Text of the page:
Creation CRECD 214
While continuing to mine the rich vein of whimsy they opened up with Fuzzy Logic, get increasingly excessive with Radiator. It's all about having more - more musical modes, more drugs, more tangents to fly off at and more thoughts.
This last requirement is probably the most vital, judging by the way they keep proselytising on the matter. "We have ways of making you think," they chant assertively in "Hermann Loves Pauline", extending the idea further in "Download" to claim that: "There are people who think, and people who don't, and the people who don't are the ones who have most" - a questionable assertion with the apparent aim of reassuring their poverty- struck fans of their innate pre-eminence over flash car-driving thickos.
It's a classic prog-rock ploy, this equation of wealth with shallowness, so perhaps it's entirely appropriate that their music here should be constantly growing beyond the songs' natural bounds, with all kinds of scat-sung extrusions, counter-melodies and fizzy synthesiser noises bubbling up from between the verses. On "Placid Casual", the song which follows the introductory "Furryvision*" theme, they sound like nothing so much as one of Frank Zappa's less well-rehearsed bands, with lumpy riffing on clever-clever chords and an ill-disguised smirk of superiority creasing callow pop features.
However, their determination to throw in not just the kitchen sink but a matching bathroom suite of styles, effects and sounds makes obstacle courses of some songs, as if SFA are deliberately testing listeners to see whether they're smart enough to appreciate this music. In places - on "Hermann Loves Pauline", particularly - they over-egg the pudding shamelessly, adding extra shiny musical ornaments until everything in the song sounds token, a mere novelty. Despite their excesses, though, there is usually a firm kernel of melodic appeal operating at the heart of SFA's songs, enabling the true pop lustre of tracks such as "Demons" and "She's Got Spies" to shine through regardless.
It's probably some indication of musicians' traditionally shaky grasp of business matters that, despite the prior appearance of at least one indifferent concert recording bearing Dr John's name and playing, Trippin' Live is pointedly sub-titled "his first official live album".
Thankfully, he has chosen a good one to officially start with, the week of shows he did at Ronnie Scott's in January last year being as satisfying as any he has played in recent years, not least through the presence of a small horn section featuring such New Orleans stalwarts as tenor-man Alvin "Red" Tyler and Ronnie Cuber, the world's grumpiest baritone saxophonist. Whether adding smirking punctuation to the Doctor's rap about a faithless lover in "Renegade", or working a little Charles Brown vamp over the closing choruses of "Kin Folk", this kind of seasoned veteran can be relied on to bring an extra dimension to a stew as spicy as a Crescent City gumbo.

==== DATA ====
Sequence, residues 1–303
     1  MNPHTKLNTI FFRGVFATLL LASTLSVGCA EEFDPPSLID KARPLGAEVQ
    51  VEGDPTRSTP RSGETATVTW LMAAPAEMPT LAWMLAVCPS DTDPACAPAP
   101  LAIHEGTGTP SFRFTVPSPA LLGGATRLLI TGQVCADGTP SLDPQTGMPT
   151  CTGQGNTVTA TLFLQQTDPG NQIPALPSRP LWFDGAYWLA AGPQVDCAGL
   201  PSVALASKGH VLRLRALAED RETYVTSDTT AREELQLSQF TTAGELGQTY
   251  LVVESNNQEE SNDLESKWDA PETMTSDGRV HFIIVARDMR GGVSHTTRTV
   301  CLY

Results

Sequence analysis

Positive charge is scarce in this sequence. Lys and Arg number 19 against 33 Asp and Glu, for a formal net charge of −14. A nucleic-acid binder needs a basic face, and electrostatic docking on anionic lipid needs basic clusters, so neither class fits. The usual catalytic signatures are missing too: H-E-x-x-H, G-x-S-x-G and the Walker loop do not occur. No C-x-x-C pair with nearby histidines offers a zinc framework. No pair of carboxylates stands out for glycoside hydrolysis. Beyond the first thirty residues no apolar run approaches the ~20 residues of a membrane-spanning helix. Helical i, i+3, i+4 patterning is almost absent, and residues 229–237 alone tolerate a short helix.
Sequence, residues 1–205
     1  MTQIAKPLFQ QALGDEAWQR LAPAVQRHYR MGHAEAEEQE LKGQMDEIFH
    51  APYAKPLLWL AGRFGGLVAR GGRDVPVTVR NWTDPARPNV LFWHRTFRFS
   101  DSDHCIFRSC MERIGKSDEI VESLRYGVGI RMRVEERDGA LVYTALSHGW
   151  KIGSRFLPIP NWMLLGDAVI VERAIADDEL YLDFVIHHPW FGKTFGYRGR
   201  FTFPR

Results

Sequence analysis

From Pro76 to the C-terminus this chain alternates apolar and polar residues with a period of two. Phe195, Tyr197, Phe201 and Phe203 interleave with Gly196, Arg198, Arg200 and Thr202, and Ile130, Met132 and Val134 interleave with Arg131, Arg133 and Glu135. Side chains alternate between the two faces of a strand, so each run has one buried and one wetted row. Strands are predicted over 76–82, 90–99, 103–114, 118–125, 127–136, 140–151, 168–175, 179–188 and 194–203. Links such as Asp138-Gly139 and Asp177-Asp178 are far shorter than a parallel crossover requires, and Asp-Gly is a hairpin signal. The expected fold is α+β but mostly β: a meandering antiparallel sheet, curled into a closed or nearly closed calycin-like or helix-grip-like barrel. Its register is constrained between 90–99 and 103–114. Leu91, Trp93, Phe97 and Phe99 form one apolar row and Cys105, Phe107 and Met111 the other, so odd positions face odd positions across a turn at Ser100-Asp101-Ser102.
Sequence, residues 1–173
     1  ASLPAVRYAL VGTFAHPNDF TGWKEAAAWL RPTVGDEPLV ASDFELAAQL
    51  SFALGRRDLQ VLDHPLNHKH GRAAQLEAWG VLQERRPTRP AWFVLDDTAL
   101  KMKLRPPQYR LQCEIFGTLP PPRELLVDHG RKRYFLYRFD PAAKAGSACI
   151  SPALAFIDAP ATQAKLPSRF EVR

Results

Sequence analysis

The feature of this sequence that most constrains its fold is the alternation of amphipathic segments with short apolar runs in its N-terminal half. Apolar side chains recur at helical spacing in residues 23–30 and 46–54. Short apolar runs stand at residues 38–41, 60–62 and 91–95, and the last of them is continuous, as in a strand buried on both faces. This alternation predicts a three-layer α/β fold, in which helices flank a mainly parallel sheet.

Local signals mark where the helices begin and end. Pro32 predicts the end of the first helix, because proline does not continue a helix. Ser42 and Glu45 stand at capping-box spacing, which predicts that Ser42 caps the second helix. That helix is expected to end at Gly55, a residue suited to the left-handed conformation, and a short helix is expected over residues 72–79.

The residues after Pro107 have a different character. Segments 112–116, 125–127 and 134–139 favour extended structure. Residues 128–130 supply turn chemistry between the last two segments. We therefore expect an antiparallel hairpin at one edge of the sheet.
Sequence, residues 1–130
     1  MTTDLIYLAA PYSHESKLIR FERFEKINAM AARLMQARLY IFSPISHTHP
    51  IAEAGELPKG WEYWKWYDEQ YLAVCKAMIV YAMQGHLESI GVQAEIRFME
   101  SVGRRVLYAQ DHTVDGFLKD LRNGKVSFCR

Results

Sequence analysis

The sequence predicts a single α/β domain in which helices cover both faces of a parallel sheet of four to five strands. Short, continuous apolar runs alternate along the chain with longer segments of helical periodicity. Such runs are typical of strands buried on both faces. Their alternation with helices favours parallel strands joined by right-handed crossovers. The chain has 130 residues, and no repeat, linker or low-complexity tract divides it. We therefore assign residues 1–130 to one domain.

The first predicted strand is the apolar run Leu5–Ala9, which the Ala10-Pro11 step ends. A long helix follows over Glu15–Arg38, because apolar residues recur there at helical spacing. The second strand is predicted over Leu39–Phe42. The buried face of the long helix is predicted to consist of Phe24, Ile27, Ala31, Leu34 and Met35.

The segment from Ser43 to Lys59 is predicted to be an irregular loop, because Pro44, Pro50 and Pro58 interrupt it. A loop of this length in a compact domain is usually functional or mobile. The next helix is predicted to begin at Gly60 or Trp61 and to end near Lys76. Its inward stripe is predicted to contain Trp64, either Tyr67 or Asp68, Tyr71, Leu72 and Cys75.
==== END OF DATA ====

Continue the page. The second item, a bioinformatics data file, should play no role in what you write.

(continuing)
The show covers the usual range of New Orleans styles, starting with Professor Longhair's rhumba-rock trademark "Tipitina" and including hits such as "Such a Night" and "Right Place, Wrong Time" before closing with a nine-minute version of Leadbelly's "Goodnight Irene". This kind of stylistic cross-fertilisation is typical of Dr John's band, whose members combine elegance with musical erudition.
"What I like," says the Doctor in his sleevenote, "is guys that can play the same arrangements every night but do things differently. If you don't mix stuff up, life can get ho-hum, you know?" Indeed - notwithstanding the absence of anything from the Gris-Gris album, there's plenty to hum about Trippin' Live, but not a ho in sight.
Dressed to Kill DTKING50
My, but this is tasteful - an Elvis impersonator singing dead rock star hits in the style of the King. Mmmm! I'll take that with extra cheese, please. It's at least as tasteful as any of the other commemorative opportunities so far exercised upon the dubious pretext of Presley's demise, possessing an instinctive grasp of pop culture rather than the sickly blend of sentiment and commercial manipulation which killed his potential in the first place. Effectively, it's a spirited attempt to reclaim Elvis for bad-taste rock'n'roll.
Some of these songs - "No Woman No Cry", "I Heard it Through the Grapevine" - are such universal standards that it is surprising Presley never recorded them himself; here, as imagined by Belfast's Jimmy Brown, they have the authentic overripe texture of Vegas Elvis. A redneck juke-joint version of "Blockbuster" is the most effective and "Riders on the Storm/ The End" the spookiest, Brown chillingly locating a shared sinister appeal between the the King and the Lizard King.
A brooding folk-blues version of "Working Class Hero" is rather less convincing, despite the discreet insertion of the phrase "goddam peasants" where John Lennon preferred an earthier expletive; but as for the version of "Voodoo Chile", you can all but picture Elvis, limbs dramatically akimbo and white suit straining, as he karate-chops that mountain down with his hand. How can he not have done this?
It makes you wonder how Presley's later career might have progressed if he was recording material by writers as good as Marley, Gaye, Lennon and Hendrix, instead of the hacks who eventually poisoned his well. Less intriguingly, it's a damn good laugh, too.Reuse content